Globalization and Tax Systems: Implications for Developing Countries with Particular Reference to Southeast Asia

Article excerpt

The unfolding globalization process, centring on production and distribution networks and on financial institutions, products, and transactions, is having a profound impact on a wide range of policies and practices in both the private and the public sectors. This article analyses the implications of globalization and the resulting greater integration of the world economy on tax systems in developing countries in general, and Southeast Asian countries in particular. Issues discussed include international factor mobility and the resulting consequences for efficiency and burden of taxation; tax competition among various jurisdictions to attract foreign direct investment (FDI) and professional and technical manpower; the impact of globalization on indirect taxation, including international trade taxation; tax implications of the Internet and e-commerce; taxation of global portfolio flows (i.e. non-FDI flows); and the impact of globalization on fiscal sustainability in Southeast Asia.

I. Introduction

The unfolding globalization process, centring on production and distribution networks and on financial institutions, products, and transactions, is having a profound impact on a wide range of policies and practices in both the private and the public sectors.

Present tax systems evolved when each country formulated its own tax policy and focused on the requirements of its domestic economy. When tax treaties, agreements and conventions among nations were negotiated, they were within the framework of national sovereignty in tax policy. The globalization process has changed this, particularly with respect to the level of taxation, mix of taxes, design of particular taxes, and the manner of their administration and compliance. Countries are being forced to exhibit much greater awareness of and sensitivity to the tax changes being undertaken by their trading partners and competitors, reducing autonomy concerning their tax policies (Lodin 2000; Owens 1998; Tanzi 1998, 2000).

Tanzi (2000) uses the term "fiscal termites" to depict how globalization and technological changes will impact on national tax systems.1 In other words, adaptation of the tax systems to globalization is expected to be slow and subtle rather than discontinuous (Slemrod 1995). It is also possible that even as the tax administrators confront challenges in administering current taxes, new types of taxes may become feasible with the rise of new technologies and activities (Tanzi 2000).2 This article analyses the implications of globalization and the resulting greater integration of the world economy on tax systems in developing countries in general, and Southeast Asian countries in particular.3 The remainder of the article is organized as follows.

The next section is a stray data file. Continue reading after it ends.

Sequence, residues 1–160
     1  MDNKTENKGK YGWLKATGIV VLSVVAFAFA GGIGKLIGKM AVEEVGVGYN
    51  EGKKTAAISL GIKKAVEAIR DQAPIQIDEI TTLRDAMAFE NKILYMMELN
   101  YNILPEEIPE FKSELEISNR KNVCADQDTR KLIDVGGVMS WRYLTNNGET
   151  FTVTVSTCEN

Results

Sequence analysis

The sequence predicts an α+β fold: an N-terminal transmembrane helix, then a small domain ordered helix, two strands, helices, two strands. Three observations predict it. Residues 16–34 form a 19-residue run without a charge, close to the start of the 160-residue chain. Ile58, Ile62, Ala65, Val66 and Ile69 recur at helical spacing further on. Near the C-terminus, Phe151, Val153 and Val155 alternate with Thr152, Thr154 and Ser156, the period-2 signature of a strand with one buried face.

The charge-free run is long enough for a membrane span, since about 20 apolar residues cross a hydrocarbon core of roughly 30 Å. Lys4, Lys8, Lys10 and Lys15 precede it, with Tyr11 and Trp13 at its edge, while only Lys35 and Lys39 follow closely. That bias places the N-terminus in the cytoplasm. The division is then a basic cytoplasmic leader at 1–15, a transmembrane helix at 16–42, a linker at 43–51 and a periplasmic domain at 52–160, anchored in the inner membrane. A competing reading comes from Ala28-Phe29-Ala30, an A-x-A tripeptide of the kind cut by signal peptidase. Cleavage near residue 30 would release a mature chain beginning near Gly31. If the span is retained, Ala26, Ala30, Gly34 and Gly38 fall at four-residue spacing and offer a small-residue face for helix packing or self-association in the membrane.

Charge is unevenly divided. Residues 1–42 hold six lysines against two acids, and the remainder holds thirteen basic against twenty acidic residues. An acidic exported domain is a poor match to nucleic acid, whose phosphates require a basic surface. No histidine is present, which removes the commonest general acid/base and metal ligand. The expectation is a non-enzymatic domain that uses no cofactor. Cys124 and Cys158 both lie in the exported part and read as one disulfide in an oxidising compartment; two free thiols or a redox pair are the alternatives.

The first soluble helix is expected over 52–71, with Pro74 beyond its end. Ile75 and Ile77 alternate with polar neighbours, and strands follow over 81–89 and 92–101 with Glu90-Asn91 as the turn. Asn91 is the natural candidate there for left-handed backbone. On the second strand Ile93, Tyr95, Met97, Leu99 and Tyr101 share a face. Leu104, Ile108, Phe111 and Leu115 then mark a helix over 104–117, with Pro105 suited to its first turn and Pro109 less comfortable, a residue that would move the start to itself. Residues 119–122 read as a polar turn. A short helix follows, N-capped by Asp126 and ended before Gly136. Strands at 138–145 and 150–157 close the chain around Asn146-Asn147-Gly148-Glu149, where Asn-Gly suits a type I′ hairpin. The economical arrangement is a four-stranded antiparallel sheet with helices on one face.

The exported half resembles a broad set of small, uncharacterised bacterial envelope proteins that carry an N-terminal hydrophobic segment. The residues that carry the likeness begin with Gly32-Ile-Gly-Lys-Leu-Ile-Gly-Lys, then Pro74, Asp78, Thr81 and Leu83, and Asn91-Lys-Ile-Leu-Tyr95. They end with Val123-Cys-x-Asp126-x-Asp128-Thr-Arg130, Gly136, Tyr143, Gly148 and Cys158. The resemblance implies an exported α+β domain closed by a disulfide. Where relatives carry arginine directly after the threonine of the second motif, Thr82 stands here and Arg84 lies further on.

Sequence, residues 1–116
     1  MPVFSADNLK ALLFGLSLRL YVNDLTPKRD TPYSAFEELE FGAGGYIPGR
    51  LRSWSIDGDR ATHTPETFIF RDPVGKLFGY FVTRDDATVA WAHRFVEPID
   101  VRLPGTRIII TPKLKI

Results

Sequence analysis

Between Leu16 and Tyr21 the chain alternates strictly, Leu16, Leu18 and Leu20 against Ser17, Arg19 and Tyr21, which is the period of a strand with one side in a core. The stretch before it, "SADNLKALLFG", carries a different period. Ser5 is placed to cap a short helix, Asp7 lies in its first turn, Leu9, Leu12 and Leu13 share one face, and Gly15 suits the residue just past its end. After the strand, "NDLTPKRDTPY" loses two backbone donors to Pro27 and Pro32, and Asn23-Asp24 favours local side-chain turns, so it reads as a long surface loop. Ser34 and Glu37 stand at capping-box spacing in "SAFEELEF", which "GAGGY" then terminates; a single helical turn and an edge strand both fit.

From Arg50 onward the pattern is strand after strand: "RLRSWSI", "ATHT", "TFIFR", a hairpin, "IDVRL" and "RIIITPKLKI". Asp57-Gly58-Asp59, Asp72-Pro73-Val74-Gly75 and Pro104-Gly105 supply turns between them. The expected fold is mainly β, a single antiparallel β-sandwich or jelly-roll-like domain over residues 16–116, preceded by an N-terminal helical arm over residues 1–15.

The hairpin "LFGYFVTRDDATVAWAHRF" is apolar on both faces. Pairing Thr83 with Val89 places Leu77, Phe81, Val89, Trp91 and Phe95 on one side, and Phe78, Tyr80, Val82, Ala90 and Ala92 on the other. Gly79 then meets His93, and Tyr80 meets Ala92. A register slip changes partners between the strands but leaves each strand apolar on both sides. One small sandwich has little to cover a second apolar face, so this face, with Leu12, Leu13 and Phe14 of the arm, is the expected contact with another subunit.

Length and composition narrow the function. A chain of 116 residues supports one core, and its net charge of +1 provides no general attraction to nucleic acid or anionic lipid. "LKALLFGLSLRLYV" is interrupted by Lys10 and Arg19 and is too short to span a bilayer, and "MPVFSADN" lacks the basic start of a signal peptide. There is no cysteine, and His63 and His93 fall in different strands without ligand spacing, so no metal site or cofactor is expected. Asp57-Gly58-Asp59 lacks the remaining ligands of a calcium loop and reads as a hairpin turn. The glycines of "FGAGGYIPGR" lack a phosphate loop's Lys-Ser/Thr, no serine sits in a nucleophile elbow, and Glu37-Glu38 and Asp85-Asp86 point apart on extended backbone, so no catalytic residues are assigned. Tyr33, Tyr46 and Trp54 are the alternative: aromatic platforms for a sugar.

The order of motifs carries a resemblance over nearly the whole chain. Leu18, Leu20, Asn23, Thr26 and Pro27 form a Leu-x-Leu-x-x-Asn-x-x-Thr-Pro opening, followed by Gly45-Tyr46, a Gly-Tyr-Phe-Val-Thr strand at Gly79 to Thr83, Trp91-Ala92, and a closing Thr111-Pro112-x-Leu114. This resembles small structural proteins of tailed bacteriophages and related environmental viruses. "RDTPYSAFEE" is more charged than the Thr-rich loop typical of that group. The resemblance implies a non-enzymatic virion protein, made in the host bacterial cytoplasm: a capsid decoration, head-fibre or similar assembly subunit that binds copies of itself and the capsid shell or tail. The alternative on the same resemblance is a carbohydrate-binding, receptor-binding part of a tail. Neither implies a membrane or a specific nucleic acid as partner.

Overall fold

Globalization has greatly increased the international mobility of goods, services, factors (particularly capital), finance, and consumers (or more precisely consumption activities). The issue of international mobility and the resulting distribution of tax burden between mobile versus immobile factors is analysed in the next section. Globalization and international factor mobility has implications for efficient taxation of firms operating in multiple tax jurisdictions. These are discussed in Section III. This is followed by an analysis of the phenomenon of tax competition among various jurisdictions to attract foreign direct investment (FDI) in Section IV; and professional and technical manpower in Section V Section VI deals with the impact of globalization on indirect taxation, including international trade taxation. Section VII briefly discusses the tax implications of the Internet and e-commerce. Taxation of global portfolio flows (i.e. non-FDI flows) is taken up in Section VIII. The final section concludes with an extended discussion of the impact of globalization on fiscal sustainability in Southeast Asia, and on ways to deal with the implications of globalization for the tax systems. …